Let Them Have Cake

Dorothy and Jim were married at the Old Mill Toronto in 1957.  When asked to describe their wedding cake, Dorothy remembered a two tier structure with a first layer of roses and the second with cherubs.  They both described the decorative piece on top.  “It was a bride and groom under an arbour” reflected Dorothy.

“I was going to say cage” giggled Jim.

The couple is but one of a number of couples reflecting on their wedding day at the Old Mill Toronto.  The iconic landmark near the banks of the Humber River in Etobicoke, is celebrating its own anniversary; 100 years and it still has the VOW factor.

Barry and Patsy exchanged their vows in the sixteenth century chapel at the Old Mill under the dappled light of the stained glass windows and candlelit chandeliers.

Most men might not remember the finite details of their wedding day 34 years later, but Barry was a banquet captain at the Old Mill and Patsy worked in catering. Barry remembers vividly.

“When the ceremony was finished, the wedding party was about to take their pictures, the Old Mill surprised us with a complimentary pre-reception for our guests.  I will always remember my cousin coming around the corner and yelling out ‘hey everyone, they’re serving sandwiches in the Mill Room.’”

The ‘sandwiches’ were in fact labour intensive canapés and hors d’oeuvres hand prepared by the chef for their 120 guests.

Barry reflects on a perfect reception in the Brule Ballroom (think hardwood floors and wood-burning fireplace). “There was a strolling musician; a violin player who went to each table playing requests accompanied by an accordionist.”  Barry’s request was Flight of the Bumblebee and he is still in awe with the memory of that performance.

Baked Alaska was always an event for weddings at the Old Mill. “Before serving, the lights would be dimmed, then the band would start up and the servers marched in with sparklers on the dessert plates and placed them in front of their guests at the same time.”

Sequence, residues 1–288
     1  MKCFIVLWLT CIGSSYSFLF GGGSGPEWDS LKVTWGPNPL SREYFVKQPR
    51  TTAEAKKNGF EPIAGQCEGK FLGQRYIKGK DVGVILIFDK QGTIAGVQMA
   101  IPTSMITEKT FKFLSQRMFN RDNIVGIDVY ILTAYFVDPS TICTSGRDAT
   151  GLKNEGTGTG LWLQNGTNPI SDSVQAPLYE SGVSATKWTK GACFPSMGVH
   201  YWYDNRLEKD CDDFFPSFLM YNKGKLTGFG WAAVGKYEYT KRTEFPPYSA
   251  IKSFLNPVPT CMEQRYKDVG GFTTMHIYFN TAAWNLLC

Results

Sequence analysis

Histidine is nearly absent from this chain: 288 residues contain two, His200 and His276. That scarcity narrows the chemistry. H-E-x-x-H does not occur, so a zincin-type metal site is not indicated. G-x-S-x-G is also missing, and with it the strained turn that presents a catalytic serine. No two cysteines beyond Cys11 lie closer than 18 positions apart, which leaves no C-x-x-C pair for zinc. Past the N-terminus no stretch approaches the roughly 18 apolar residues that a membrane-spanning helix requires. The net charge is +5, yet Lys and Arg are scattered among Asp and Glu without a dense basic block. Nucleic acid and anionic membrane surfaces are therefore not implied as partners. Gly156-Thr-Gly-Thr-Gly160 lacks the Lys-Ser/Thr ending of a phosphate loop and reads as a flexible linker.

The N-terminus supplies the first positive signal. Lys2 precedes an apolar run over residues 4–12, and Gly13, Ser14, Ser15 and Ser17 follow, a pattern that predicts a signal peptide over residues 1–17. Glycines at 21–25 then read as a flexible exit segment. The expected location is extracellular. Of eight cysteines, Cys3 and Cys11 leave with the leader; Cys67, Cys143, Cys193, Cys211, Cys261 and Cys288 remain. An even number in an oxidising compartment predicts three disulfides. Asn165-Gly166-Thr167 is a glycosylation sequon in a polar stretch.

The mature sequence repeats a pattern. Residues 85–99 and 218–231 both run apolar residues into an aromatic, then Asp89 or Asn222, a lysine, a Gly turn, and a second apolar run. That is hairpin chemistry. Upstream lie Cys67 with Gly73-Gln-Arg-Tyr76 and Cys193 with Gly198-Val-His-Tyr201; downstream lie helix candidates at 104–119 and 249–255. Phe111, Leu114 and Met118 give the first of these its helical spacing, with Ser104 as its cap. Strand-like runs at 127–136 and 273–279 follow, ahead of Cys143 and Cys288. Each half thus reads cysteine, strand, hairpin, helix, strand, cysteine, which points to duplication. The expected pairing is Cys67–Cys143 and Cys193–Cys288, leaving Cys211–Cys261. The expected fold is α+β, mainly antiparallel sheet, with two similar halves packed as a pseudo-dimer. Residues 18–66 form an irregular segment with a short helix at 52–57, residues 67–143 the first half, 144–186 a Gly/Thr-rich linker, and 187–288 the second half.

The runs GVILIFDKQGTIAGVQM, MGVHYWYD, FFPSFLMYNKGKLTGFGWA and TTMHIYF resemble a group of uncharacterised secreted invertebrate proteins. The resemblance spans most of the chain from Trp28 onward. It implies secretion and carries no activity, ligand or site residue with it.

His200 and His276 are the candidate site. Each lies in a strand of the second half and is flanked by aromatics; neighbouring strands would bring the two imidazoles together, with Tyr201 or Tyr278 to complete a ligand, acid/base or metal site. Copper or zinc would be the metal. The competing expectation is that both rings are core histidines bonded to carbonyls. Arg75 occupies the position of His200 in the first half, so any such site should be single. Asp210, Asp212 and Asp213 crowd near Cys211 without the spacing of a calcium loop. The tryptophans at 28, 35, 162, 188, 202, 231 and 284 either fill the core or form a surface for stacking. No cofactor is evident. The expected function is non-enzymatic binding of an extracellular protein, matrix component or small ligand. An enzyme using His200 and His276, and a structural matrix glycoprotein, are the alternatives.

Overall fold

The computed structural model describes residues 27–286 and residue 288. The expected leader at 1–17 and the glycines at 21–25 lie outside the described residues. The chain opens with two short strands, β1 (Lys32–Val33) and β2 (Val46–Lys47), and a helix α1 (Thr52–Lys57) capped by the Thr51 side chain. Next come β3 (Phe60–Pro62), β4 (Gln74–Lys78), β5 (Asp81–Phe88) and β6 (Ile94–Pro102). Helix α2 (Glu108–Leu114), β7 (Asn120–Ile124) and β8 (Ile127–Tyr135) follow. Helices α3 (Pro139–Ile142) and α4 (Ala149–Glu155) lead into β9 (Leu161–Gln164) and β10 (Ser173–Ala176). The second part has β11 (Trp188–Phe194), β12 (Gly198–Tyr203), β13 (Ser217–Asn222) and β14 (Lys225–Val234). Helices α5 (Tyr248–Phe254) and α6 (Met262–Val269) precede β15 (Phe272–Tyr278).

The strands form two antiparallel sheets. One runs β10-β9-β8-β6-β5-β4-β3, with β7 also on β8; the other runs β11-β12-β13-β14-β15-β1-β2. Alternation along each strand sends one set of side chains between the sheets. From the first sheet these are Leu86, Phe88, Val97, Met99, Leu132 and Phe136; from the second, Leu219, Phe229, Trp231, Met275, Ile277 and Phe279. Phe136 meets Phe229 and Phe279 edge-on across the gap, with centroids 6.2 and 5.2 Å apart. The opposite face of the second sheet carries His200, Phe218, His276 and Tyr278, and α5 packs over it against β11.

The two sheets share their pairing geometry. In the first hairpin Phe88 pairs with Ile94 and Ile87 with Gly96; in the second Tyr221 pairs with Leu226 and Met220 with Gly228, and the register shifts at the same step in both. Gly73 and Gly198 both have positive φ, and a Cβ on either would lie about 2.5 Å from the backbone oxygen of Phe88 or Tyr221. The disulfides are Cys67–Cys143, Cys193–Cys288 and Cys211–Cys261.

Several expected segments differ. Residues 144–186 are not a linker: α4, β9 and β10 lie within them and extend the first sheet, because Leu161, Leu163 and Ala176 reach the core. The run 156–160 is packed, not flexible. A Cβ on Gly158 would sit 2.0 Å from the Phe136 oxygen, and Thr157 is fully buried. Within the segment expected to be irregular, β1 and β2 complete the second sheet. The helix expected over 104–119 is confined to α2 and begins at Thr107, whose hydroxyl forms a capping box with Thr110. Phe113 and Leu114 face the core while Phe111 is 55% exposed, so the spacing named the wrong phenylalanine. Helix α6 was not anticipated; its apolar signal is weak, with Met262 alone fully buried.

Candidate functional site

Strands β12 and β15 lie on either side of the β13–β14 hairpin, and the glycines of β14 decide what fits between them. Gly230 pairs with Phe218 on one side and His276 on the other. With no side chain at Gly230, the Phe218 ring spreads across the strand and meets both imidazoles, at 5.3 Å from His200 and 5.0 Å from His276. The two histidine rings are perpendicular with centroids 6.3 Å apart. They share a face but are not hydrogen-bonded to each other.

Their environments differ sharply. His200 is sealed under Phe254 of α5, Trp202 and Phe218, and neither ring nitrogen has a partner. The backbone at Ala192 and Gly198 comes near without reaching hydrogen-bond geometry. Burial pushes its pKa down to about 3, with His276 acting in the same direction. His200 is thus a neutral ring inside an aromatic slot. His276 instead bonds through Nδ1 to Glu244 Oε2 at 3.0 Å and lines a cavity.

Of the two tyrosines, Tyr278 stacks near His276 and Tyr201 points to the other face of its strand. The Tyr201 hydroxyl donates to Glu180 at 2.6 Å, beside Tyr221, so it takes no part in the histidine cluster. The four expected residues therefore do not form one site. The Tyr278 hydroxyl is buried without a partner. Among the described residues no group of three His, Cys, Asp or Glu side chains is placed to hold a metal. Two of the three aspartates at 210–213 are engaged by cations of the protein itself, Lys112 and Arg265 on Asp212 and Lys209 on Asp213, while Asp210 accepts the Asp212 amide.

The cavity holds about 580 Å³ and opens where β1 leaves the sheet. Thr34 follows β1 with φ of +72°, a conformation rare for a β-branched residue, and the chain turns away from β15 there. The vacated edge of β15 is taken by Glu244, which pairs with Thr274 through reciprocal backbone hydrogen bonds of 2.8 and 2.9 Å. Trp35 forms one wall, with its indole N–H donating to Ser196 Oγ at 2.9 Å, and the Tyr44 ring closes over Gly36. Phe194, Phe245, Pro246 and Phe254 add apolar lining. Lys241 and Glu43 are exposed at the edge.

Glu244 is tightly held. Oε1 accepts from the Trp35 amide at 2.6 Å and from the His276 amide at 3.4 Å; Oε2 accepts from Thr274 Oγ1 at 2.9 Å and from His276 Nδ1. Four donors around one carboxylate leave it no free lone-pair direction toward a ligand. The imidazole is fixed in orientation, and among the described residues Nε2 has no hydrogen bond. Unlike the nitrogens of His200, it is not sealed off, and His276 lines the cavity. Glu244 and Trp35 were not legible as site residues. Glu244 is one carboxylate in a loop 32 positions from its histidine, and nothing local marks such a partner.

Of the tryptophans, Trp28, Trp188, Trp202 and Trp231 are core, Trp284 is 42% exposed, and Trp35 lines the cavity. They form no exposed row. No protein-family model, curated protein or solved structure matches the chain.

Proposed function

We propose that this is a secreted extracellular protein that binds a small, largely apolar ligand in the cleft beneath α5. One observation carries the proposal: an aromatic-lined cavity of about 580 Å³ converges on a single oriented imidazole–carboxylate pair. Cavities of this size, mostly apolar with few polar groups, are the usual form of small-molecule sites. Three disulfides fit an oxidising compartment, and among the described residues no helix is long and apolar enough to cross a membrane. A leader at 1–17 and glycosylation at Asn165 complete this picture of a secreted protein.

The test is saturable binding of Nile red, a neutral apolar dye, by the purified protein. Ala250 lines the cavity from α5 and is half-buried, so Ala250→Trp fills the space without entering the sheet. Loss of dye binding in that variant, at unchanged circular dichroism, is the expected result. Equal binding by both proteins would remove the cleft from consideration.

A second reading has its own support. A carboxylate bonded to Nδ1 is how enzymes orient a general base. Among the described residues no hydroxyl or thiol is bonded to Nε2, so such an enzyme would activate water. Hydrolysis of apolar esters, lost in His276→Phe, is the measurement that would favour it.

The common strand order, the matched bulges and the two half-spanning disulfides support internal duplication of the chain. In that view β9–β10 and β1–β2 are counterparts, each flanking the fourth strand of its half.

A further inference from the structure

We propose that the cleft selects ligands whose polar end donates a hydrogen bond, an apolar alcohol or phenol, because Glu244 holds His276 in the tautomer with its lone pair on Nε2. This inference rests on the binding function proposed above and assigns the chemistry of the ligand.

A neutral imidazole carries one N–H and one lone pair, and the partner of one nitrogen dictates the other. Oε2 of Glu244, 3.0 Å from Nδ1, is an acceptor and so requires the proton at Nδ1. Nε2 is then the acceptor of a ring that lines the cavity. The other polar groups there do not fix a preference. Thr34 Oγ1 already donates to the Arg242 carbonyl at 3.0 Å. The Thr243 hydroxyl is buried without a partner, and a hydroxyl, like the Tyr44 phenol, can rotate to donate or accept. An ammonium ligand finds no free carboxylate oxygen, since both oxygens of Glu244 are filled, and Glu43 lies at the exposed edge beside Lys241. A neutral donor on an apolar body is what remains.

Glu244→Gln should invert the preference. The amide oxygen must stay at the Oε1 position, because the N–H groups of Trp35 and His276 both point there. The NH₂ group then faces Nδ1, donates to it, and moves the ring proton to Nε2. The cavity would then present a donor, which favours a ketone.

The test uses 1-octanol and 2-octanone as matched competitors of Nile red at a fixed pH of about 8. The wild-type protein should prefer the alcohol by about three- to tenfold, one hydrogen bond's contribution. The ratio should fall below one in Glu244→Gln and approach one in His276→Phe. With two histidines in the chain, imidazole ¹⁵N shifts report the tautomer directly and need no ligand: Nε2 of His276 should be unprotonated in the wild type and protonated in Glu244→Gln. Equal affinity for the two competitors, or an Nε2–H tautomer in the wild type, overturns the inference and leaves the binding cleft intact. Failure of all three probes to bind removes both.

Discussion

Henny and Leo’s wedding in the Old Mill Chapel was in 1988. Henny had been introduced to the Old Mill Tea Room by her sister when she immigrated to Canada in 1975 and it held a place in her heart ever since.

“We had the same minister as my sister did nine years earlier.  He was a really nice man.  He took his time and made us feel special.”

“We liked the idea of having everything in one place.  It was easier for our guests. After the ceremony we went to take pictures in the garden and our guests could get some fresh air and go for a walk as well.”

Henny described a European style reception; hors ‘oeuvres in the Mill Room for 60 people.

“They couldn’t do enough for us.  Everything was perfect.  On our first anniversary they sent us a card and offered us a complimentary cake to celebrate at the Old Mill.”

When Lori and Mauro got married at the Old Mill their cake was something of a showstopper.

Lori surprised her groom with a custom cake replicating his 40’ Silverton powerboat. She said “all the bartenders and servers wore captains’ hats.  My husband loved it.”

Lori and Mauro had 250 guests at their wedding in 2005. “After the ceremony in the chapel we went straight to a tent set up in the garden for cocktails.  It was April so there were heaters.  We had a martini bar and oyster bar.”